Lieutenant Basil Rathbone, London Scottish – actor most famous for his roles alongside Errol Flynn and as Sherlock Holmes he was awarded the Military Cross for valour but after his brother was killed on the Western Front was often criticised for being reckless with his own life and with those of his men.
Major Clement Attlee, South Lancashire Regiment and future Leader of the Labour Party who would shock the world by defeating Winston Churchill in the post VE-Day Election.
He would serve as Prime Minister from 1945-51 and would introduce the Welfare State and the National Health Service thereby transforming British society.
He was the second from last man to be evacuated from Gallipoli and fought in Mesopotamia and on the Western Front.
Lieutenant Ralph Vaughan Williams, Royal Army Medical Corps – one of Britain’s favourite composers.
He was already 41 years of age when war was declared but enlisted nonetheless as a private serving as a stretcher-bearer, one of the most traumatic and perilous assignments on the front-line.
Lance-Corporal Arnold Ridley, Somerset Light Infantry – Actor most famous for his role in Dad’s Army and writer of the Ghost Train.
He was seriously wounded at the Battle of the Somme where he was shot, clubbed, and bayoneted but still managed to survive.
Later promoted to Captain he would also serve in World War Two.
Lieutenant Victor McLaglen of the Middlesex Regiment who served in the Middle East before becoming the first man to win the Best Actor Oscar for his role in the 1935 movie The Informer (prior to 1935 it was known merely as the Academy Award).
Lieutenant Wyndham Lewis, Royal Artillery – the painter and author commanded a battery on the Western Front before becoming an official war artist for the Canadian Army.
Lieutenant A A Milne, Royal Warwickshire Regiment – poet and author of Winnie the Pooh.
He served on the Western Front was wounded and later repatriated following a serious illness where he transferred to Military Intelligence.
He served as a Captain in the Home Guard during World War Two.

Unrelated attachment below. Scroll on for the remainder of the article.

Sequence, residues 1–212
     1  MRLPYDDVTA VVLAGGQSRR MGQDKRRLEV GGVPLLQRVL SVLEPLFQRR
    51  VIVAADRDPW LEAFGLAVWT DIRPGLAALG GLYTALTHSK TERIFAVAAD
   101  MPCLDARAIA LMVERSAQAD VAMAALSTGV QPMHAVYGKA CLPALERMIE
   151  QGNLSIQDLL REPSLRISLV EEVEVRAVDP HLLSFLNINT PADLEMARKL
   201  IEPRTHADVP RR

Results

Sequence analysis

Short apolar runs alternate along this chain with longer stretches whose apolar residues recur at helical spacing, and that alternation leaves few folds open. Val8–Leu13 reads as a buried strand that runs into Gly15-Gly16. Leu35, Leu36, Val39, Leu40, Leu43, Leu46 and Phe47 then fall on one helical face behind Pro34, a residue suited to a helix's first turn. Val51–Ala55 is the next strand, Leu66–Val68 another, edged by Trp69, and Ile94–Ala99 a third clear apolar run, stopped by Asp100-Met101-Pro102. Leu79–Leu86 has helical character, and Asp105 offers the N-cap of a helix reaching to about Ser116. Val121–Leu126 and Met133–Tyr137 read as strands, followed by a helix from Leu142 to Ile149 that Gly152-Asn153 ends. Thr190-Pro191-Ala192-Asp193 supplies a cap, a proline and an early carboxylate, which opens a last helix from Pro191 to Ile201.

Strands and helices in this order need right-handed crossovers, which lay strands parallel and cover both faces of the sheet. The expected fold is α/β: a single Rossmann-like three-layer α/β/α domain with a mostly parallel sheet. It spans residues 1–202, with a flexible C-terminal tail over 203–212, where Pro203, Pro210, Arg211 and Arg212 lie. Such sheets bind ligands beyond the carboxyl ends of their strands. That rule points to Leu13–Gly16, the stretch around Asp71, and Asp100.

Private John Laurie, Royal Artillery Company – Shakespearean character actor who would find renewed fame in the television series Dad’s Army.
He was traumatised by his experiences in the war rarely speaking about them and refusing to watch stock footage of the conflict.
He also served in the Home Guard during World War Two.
Second-Lieutenant Edmund Blunden, Royal Sussex Regiment, poet, author, and academic who fought at the Battle of Ypres and on The Somme where he was awarded the Military Cross.
A close friend of both Siegfried Sassoon and Robert Graves his body is buried in Poets Corner in the South Transept of Westminster Abbey.
Second-Lieutenant James Whale, Worcestershire Regiment, future Director of such classic Hollywood Movies as Frankenstein, The Bride of Frankenstein, and The Invisible Man he was captured fighting in Flanders during 1917, and spent the rest of the war in a prisoner-of-war camp.
Lieutenant (Sir) Oswald Ernald Mosley,The Queen’s Lancers later transferred to the Royal Flying Corps.
Seriously injured in a flying accident he later returned to the Front but in constant pain was to spend the later years of the war at a desk job.
Elected a Member of Parliament for the Labour Party he felt his ambitions were being thwarted and resigned, in 1932 founding the British Union of Fascists.
In May 1940, following the outbreak of World War II he was arrested and imprisoned as a possible collaborator.